On the night of the 21st, the New Zealanders launched a counter-attack against the captured airfield. East of the airfield, they ran into the remnants of a badly hurt German parachute battalion. Though scattered, these men put up such a fierce fight that the New Zealanders could not reach their objectives by dawn. Then German fighters and dive-bombers attacked, forcing the New Zealanders back once and for all.

Fresh Troops and Advances

On the 22nd of May, fresh German troops arrived, including their commander, Major-General Ringer. He divided the troops into three battle groups which launched a three-pronged attack at dawn on the 23rd.

Despite fierce fighting against the Cretan resistance in the north and the New Zealanders in the east, the Germans drove the Allies back, pushing the defenders’ artillery out of range of the airfield. Now the Germans had free movement on and off the island.

Strong advances on the 24th and 25th of May let the Germans link up with others of their comrades, taking strategic roads and villages. In another counterattack, the New Zealanders retook a village called Galatas but were left too depleted to hold it.


Wounded Allied troops evacuated from Crete via
Wounded Allied troops evacuated from Crete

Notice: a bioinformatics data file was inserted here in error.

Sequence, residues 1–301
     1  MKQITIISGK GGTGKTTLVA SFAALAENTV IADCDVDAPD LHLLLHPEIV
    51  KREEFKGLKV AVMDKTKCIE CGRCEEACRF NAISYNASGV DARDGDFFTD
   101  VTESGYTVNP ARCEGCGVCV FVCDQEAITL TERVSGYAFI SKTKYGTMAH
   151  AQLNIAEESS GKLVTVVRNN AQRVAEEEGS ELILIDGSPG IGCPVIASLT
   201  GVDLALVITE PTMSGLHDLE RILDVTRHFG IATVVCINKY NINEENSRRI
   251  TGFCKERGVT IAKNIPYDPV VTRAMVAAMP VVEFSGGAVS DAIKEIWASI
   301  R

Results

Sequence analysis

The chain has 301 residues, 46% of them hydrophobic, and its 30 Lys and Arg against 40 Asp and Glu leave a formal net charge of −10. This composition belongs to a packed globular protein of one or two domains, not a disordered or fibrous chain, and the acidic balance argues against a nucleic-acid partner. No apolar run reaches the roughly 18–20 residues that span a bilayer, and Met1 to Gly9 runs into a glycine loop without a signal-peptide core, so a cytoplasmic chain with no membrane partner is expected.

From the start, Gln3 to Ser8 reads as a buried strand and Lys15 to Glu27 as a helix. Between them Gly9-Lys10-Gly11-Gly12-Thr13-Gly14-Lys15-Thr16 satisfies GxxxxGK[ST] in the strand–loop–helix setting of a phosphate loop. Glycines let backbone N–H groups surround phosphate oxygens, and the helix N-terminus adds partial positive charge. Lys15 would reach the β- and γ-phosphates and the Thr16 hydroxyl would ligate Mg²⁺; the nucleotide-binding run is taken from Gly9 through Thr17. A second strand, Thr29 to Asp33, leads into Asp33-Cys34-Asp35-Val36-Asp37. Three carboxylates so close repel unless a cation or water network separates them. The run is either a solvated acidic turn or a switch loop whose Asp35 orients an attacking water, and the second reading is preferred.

On the 27th of May, Freyberg gave in to the inevitable and ordered an evacuation. With the Germans controlling the surrounding seas and skies, there was no way that the British could hold Crete.

At great risk, Admiral Andrew Cunningham ordered the Royal Navy to carry out the evacuation. When challenged on the danger he was putting his ships in, Cunningham said “It takes the Navy three years to build a ship. It would take 300 years to rebuild a tradition.”

Starting on the night of the 28th, the Allies were evacuated through the small port of Sphakia. 8,800 British, 4,704 New Zealanders and 3,164 Australians made it off Crete. 11,835 remained behind as prisoners of war.

Never Again

The Germans had succeeded but at a cost unacceptable to Hitler. 3,714 men were dead, 2,494 wounded – more losses than in the entire Balkan campaign. The Fuhrer forbade further paratroop invasions. But Crete was now his, and the invasion of Russia could go on.

Andrew Knighton

Andrew Knighton is one of the authors writing for WAR HISTORY ONLINE